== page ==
Tennessee

If a school is broken but appears to be on the mend, should the state intervene?

PHOTO: Micaela Watts
Parents and students at Sheffield Elementary School protest the state's proposal to take control of the Memphis school and convert it to a charter school managed by Aspire Public Schools.

Parents and students chanting “Leave us alone!” congregated Thursday outside of Sheffield Elementary School to send a message to the Tennessee Achievement School District that their struggling Memphis school is making enough strides to avoid state intervention.

One of five Memphis schools targeted for state takeover and charter conversion next year under an ASD proposal, Sheffield is among the lowest-performing schools in both Shelby County Schools and the state. But under new leadership in the last two years, the school is beginning to turn that trajectory.

“Why would you want to take over a school that is improving?” asked Barbara Riddle, whose two grandchildren attend Sheffield.

Riddle was among about 60 parents and students gathered outside the school’s main entrance after the school day to show their support of the school’s current leadership and their confidence in the administration’s turnaround strategy.

“I’m here to save our school,” said Riddle, applauding the work of principal Patricia Griggs-Merriweather. “She’s laid the foundation. Why not give her the opportunity to build on it? I mean, Rome wasn’t built in a day.”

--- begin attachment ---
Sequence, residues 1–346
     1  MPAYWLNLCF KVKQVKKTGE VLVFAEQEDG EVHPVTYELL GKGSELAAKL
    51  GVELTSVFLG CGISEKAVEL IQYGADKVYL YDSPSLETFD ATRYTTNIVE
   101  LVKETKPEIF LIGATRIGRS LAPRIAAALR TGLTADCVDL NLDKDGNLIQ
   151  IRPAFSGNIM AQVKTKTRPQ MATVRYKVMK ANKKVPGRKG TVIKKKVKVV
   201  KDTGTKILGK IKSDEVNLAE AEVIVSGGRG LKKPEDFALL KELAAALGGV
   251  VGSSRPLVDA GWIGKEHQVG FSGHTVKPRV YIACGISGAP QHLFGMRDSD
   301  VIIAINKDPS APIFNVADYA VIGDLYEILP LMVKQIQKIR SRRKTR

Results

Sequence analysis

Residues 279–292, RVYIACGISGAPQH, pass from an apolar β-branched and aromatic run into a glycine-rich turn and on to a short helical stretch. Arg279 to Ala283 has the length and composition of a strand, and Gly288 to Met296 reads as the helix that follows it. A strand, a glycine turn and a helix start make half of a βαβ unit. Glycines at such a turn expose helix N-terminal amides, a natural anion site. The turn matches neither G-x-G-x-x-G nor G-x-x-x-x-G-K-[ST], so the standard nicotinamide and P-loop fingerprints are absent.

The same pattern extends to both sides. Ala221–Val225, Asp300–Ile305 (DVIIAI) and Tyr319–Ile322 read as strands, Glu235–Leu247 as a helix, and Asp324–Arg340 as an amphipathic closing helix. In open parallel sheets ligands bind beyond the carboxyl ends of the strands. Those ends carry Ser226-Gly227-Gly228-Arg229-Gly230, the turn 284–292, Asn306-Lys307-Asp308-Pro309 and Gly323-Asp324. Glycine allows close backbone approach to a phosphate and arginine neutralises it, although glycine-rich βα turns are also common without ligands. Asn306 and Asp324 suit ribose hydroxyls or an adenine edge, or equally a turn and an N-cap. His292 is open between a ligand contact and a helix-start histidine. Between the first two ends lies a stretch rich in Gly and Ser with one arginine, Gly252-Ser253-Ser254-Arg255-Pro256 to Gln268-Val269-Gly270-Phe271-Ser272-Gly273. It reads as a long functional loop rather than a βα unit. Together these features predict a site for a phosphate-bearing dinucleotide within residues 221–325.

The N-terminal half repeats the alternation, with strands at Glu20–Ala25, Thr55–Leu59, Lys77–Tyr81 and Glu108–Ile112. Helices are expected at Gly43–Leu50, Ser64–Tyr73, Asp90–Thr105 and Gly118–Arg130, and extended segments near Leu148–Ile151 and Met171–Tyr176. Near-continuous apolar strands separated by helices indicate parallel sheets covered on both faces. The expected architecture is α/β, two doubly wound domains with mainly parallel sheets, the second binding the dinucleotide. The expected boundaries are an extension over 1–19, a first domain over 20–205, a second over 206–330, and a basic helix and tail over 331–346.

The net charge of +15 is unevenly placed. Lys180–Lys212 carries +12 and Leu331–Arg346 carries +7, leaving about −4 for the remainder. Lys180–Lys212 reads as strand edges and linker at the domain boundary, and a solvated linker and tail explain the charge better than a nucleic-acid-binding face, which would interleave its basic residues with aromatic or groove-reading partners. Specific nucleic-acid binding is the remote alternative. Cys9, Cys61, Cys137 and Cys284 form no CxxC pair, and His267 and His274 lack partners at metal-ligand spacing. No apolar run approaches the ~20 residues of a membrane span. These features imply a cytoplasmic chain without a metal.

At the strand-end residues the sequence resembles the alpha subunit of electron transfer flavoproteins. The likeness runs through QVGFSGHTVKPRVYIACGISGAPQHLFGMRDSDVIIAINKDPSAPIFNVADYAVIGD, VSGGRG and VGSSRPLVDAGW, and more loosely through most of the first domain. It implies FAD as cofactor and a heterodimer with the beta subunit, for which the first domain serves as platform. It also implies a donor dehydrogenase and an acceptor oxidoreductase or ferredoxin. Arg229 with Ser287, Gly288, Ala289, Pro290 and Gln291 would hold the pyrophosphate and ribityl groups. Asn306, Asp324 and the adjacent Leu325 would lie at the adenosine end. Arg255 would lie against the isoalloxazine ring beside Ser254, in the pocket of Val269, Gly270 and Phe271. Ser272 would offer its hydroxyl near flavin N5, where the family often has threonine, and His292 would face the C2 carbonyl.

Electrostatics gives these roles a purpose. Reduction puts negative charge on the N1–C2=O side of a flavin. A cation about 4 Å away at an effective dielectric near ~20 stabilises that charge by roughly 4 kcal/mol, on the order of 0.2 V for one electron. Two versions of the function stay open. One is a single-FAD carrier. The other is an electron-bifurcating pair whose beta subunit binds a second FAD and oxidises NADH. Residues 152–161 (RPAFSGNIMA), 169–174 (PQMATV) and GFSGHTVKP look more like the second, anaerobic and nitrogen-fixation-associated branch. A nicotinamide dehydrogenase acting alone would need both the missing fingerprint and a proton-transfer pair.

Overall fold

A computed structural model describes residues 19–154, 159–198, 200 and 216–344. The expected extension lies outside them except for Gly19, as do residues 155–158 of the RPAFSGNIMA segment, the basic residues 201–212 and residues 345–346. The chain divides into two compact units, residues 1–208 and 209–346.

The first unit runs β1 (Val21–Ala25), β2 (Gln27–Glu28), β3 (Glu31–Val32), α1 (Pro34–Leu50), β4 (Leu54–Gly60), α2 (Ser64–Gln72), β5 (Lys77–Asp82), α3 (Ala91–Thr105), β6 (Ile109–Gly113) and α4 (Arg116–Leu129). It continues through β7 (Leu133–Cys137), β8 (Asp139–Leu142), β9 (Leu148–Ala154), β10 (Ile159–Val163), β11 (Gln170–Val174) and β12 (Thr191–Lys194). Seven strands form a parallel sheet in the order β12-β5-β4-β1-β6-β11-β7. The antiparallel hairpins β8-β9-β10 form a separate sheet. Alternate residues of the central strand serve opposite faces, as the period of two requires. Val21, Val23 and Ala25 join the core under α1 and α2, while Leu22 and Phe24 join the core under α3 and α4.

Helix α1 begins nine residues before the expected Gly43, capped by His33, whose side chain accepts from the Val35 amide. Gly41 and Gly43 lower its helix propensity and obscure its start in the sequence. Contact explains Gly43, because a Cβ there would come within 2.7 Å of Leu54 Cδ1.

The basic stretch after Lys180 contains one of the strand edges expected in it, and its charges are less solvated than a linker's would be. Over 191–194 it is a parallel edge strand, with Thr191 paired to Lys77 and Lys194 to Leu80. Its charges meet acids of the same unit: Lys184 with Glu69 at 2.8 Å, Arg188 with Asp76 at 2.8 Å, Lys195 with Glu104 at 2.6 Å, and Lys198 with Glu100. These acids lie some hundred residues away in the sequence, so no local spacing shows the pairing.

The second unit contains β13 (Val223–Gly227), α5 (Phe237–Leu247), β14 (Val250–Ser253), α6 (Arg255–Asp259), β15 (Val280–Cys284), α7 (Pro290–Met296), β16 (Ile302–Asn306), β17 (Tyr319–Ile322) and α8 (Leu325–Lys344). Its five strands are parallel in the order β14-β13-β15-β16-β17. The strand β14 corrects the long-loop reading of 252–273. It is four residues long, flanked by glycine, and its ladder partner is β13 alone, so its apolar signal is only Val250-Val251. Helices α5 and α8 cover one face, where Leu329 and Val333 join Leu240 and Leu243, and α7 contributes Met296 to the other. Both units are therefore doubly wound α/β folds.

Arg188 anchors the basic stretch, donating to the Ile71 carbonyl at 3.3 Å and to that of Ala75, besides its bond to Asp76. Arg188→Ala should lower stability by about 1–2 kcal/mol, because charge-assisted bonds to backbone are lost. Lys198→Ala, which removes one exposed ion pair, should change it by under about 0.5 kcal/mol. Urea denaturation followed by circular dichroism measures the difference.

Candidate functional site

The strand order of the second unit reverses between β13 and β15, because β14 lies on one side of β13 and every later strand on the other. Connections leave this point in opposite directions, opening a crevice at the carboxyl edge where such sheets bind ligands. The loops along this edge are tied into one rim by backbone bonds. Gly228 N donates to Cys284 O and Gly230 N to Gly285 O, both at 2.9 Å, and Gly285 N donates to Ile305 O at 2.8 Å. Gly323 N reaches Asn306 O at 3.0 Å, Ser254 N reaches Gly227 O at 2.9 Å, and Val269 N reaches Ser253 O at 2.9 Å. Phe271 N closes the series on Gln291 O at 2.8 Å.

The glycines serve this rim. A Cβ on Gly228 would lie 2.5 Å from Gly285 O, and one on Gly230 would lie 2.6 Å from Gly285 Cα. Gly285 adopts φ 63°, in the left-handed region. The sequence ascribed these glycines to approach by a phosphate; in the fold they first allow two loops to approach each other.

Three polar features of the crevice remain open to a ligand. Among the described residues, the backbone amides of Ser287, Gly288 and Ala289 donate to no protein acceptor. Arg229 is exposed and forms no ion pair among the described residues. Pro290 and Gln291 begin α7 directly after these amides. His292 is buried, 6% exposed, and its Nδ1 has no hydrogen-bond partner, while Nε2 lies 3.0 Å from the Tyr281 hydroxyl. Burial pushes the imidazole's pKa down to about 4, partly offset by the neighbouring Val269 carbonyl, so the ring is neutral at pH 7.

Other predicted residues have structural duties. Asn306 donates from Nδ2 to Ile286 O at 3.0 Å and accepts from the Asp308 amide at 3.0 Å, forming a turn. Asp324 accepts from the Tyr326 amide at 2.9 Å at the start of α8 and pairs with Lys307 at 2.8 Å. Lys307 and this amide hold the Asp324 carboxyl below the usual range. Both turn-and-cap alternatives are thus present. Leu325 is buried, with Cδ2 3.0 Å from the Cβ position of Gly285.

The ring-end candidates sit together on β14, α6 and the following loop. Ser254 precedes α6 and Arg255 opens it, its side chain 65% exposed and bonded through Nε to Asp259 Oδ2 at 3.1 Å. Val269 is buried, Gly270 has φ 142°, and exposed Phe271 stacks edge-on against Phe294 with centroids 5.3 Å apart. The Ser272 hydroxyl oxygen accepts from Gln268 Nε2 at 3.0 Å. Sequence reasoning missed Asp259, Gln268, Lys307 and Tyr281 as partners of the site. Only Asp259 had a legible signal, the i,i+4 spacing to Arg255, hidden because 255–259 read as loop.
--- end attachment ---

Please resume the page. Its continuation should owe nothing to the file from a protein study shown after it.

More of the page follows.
State Rep. Raumesh Akbari, whose district includes the school, questioned whether the payoff from state intervention would be worth the disruption of wresting control of Sheffield from Shelby County Schools and turning it over to Aspire Public Schools, the charter network that has applied to manage the school.

“I don’t want those students to go through the trauma of a takeover where the principal is gone, all the teachers have been fired, and a whole new mentality comes in,” said Akbari (D-Memphis). “… Our principal is getting it right. Don’t interrupt the progress that we’re making.”

Since 2012, Sheffield has been on Tennessee’s list of priority schools that fall in the state’s bottom 5 percent. On standardized tests last school year, 38 percent of its students met the state’s proficiency bar in math and 14 percent in reading — lagging behind the district and significantly behind state averages.

But the state’s own measures of growth suggest that the school is making significant strides — almost enough to keep it from state intervention under a new Tennessee law sponsored by Akbari and removing a priority school from ASD eligibility with a TVAAS growth score of 4 or 5. Sheffield’s reading scores grew slightly and its math scores increased by more than expected, based on student demographics and past performance, earning a TVAAS score of 3.

“The criteria for ASD eligibility are clear, and since the recent passing of the TVAAS law championed by Rep. Akbari, it is now clearer than ever,” said a statement released Thursday evening by the ASD.